The extraordinary challenges posed by the Syrian civil war and the hundreds of thousands of people it has displaced means that the aid response is different than other emergencies. The World Food Programme and United States government, to a limited extent, have turned to alternative ways to distribute food aid. Namely, they are handing out food and cash vouchers to people instead of bags of rice.
CARE’s Helene D. Gayle and Oxfam’s Raymond C. Offenheiser say that this response should not be the exception, rather it should help establish the new rule. They make their case in the Christian Science Monitor for the United States to untie aid so that it is more flexible in emergency situations.
In crises, organizations like CARE USA and Oxfam America have learned that meeting humanitarian needs requires the flexibility to ensure good intentions result in positive outcomes. The United States is the largest donor for emergency food assistance in Syria. A substantial portion of that assistance has been provided through cash, vouchers, and by buying food locally and regionally through something called the Emergency Food Security Program.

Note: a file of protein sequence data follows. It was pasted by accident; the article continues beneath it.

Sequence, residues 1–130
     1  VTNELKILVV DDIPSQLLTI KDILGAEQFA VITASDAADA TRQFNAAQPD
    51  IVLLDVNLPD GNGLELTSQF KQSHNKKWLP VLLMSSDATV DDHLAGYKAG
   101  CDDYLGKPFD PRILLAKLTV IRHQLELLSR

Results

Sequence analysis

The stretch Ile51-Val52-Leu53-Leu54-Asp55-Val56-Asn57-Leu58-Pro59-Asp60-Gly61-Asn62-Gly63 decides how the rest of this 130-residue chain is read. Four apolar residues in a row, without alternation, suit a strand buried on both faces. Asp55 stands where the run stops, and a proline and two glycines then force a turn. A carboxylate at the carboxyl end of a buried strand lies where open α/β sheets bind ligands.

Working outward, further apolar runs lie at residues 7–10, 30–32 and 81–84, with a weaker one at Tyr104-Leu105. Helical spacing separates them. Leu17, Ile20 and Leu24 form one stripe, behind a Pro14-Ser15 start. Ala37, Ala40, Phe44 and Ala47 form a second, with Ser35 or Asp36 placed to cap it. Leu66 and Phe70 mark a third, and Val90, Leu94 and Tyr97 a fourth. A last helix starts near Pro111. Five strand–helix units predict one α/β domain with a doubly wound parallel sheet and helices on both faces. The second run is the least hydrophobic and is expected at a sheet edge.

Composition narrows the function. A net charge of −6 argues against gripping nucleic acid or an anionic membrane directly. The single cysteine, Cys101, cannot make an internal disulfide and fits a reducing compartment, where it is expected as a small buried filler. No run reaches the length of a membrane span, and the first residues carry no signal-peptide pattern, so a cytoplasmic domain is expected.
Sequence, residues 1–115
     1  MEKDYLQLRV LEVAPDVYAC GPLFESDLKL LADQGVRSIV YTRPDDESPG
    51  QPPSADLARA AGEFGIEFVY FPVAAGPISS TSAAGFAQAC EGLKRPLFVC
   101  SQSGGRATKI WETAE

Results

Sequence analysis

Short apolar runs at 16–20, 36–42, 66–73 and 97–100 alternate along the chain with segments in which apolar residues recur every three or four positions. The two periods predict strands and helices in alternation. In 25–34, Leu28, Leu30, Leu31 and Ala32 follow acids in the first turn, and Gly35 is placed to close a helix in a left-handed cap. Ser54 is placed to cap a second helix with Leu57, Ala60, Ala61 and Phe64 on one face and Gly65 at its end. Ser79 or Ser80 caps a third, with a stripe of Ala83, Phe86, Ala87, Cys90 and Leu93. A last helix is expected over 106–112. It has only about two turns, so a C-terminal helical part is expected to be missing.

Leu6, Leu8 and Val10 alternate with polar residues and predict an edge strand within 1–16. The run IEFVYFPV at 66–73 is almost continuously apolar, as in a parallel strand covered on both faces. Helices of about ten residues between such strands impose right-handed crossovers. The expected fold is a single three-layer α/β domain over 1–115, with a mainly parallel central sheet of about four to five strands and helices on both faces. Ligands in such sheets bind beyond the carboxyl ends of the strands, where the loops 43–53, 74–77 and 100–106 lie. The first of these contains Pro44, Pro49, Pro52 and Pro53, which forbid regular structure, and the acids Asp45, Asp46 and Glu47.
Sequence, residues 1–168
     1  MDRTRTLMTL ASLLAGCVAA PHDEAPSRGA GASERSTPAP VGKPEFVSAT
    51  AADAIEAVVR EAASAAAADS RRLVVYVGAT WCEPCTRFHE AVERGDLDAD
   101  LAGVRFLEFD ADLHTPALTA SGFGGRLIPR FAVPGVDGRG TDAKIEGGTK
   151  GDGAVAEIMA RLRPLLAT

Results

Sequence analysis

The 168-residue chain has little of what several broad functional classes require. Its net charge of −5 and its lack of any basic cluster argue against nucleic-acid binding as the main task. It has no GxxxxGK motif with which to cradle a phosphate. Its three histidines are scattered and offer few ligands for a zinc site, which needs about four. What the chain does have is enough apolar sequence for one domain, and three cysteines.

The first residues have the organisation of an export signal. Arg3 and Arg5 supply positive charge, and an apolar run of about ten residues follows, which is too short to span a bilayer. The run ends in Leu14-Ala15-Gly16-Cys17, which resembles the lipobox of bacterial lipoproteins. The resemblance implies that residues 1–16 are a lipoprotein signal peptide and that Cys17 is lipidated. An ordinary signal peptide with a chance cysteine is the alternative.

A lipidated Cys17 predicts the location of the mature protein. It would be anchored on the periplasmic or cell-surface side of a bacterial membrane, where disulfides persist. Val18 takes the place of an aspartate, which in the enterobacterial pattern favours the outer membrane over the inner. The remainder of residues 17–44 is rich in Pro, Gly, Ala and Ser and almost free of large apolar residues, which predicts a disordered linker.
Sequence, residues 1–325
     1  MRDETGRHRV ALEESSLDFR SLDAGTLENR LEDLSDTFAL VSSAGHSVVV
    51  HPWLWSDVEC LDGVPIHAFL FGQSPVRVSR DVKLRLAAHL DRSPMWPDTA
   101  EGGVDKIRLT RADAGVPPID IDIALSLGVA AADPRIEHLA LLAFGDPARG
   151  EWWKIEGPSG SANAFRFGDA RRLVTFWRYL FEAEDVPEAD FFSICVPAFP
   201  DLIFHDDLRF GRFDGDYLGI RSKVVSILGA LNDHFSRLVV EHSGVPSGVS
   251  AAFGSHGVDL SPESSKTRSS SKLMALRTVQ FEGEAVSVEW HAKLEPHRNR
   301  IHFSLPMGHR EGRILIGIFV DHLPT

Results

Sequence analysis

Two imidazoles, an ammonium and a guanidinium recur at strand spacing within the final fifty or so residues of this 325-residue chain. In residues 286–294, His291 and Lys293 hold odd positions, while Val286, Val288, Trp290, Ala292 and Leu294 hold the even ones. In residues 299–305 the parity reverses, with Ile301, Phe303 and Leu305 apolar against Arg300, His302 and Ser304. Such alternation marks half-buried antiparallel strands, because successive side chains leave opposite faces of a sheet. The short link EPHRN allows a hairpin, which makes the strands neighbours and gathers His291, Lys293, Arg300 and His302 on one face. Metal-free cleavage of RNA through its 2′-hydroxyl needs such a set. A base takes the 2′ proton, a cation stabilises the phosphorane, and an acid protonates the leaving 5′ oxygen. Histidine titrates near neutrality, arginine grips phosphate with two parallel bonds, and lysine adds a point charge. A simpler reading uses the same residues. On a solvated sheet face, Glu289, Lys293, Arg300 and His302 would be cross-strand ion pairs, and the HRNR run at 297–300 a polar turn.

Like what the US is doing in Syria:
Some agriculture and maritime interest groups have argued that there is no need to change the status quo. They say there is already an effective and dependable program in place for producing and shipping food. It is true that there is still a vital role for US commodities in places where food is not available or where local purchases won’t work. This is why, under Obama’s reforms, aid agencies will still be able to purchase commodities from US-based producers where and when it is appropriate.
But the US can do better. It needs a flexible response when addressing emergencies and chronic hunger. Its tools and programs must put first the needs of the farmers and hungry populations that America seeks to help.